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    Re: Follow-up to Jared's post, Re: levels
    From: Jared Sherman
    Date: 2003 Jul 15, 13:07 -0400

    Marvin-
     
     Wasn't it Galileo who said "Never the less, it moves." ? As best I can tell, 
    the glass vials that are commonly used as spirit levels (not siphon levels) 
    are always round tubes, straight along their lengths. I have no idea how the 
    mechanics of it works, beyond the suspicions I mentioned. If the tube was 
    curved, I would think the mechanics of building/aligning/assembling it tould 
    make the inexpensive ones impossible to market, although obviously there are 
    some very curved tubes, such as the clinometers that use a rolling ball 
    bearing instead of a bubble.
    
    Consider if you will, the liquid filled glass "pipe". If it is perfectly flat 
    and level, and you introduce "just a little" air, the air will go to the top 
    and spread in a thin line along the very top of the cylinder--which will also 
    force it to expand along the length of the cylinder, where the "top" is 
    running at the highest level, extending along the length of the tub before it 
    can extend "down" the walls. Carefully admit more air, and the bubble becomes 
    longer and longer, eventually reaching both ends of the tube. At this point, 
    the bubble must grow fatter since it can no longer extend along the length of 
    the tube and it must spread wider. Release some air (add back some fluid) and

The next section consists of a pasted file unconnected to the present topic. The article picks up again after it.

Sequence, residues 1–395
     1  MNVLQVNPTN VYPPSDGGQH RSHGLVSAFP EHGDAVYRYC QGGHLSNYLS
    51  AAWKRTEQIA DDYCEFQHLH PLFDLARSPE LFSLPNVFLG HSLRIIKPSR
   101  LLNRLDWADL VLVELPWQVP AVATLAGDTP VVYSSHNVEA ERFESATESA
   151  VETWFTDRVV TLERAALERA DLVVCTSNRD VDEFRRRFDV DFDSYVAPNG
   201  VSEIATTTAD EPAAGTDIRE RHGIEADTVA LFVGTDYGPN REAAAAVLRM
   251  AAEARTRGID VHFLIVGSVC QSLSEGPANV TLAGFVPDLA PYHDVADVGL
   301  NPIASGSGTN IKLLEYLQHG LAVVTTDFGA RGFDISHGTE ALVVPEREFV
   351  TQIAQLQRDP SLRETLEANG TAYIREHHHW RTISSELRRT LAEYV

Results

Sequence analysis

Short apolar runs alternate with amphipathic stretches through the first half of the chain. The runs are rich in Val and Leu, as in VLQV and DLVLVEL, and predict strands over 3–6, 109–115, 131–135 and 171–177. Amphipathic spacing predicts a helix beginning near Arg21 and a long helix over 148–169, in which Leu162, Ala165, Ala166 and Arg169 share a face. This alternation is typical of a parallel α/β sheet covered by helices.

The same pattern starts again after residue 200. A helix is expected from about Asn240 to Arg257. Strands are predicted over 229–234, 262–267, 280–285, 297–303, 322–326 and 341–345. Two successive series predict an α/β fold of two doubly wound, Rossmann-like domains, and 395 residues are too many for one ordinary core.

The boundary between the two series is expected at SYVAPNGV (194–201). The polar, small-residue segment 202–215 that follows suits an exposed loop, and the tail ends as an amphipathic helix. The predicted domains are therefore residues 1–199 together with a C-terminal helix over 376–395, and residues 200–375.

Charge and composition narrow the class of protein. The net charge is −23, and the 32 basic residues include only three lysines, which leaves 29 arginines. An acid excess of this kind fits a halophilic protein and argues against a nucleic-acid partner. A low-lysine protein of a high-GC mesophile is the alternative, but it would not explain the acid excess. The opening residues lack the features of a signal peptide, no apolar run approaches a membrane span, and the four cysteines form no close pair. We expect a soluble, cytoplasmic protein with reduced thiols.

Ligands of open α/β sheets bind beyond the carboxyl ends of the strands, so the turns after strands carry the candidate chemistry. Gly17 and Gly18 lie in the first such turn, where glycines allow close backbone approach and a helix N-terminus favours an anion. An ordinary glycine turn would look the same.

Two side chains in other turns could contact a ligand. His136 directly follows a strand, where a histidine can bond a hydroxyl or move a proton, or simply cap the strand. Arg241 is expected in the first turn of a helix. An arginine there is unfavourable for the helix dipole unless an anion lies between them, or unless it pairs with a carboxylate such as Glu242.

at a certain point, you can make the bubble, say, 9.5" long in a 10" long 
    tube. Now, as you tilt the tube, the bubble will "crawl" towards the high 
    end. All you need to do is mark along both ends, in the final 1/4" where the 
    bubble should never be. By observing the intrusion into that final 1/4!
    " you will
    be seeing the bubble shifting as the tube goes out of level, in the direction 
    of its long axis. And if the interior walls of the tube are perfectly 
    uniform, the bubble--held and shaped by surface tension and an equillibrium 
    of "density" compared to the liquid and pulled by the surface tension--should 
    hold itself centered in the tube, I think.
     You can of course shake a spirit level, breaking the bubble, and creating two 
    bubbles and a false reading now. but once they rejoin, I think surface 
    tension and similar forces will force that bubble to center itself--in 
    theory, becoming infinitely thin and long until it hits both ends of the 
    tube. in practice, never becomgin infinitely thin because there are forces 
    working to make it uniform and round, effectively "pulling in" the ends, 
    equally.
    
    I'm not at all sure--that's why I gave up on the spirit level and went on to a siphon level.
    
    << I think that Starrett's Precision Machinist Level is 12" long, at least. It 
    is stated to have 10 second accuracy.>>
     I've only gotten one reply, from a vendor that sells bubble and tube levels 
    for telescope stands. At $10 he's obvisouly not in the high end, but he says 
    "45 minutes per 1/10th inch" and I've asked him to clarify what that means, I 
    think it means flat to within 45 minutes per the 1/10th inch that the bubble 
    moves.
    
    
    

       
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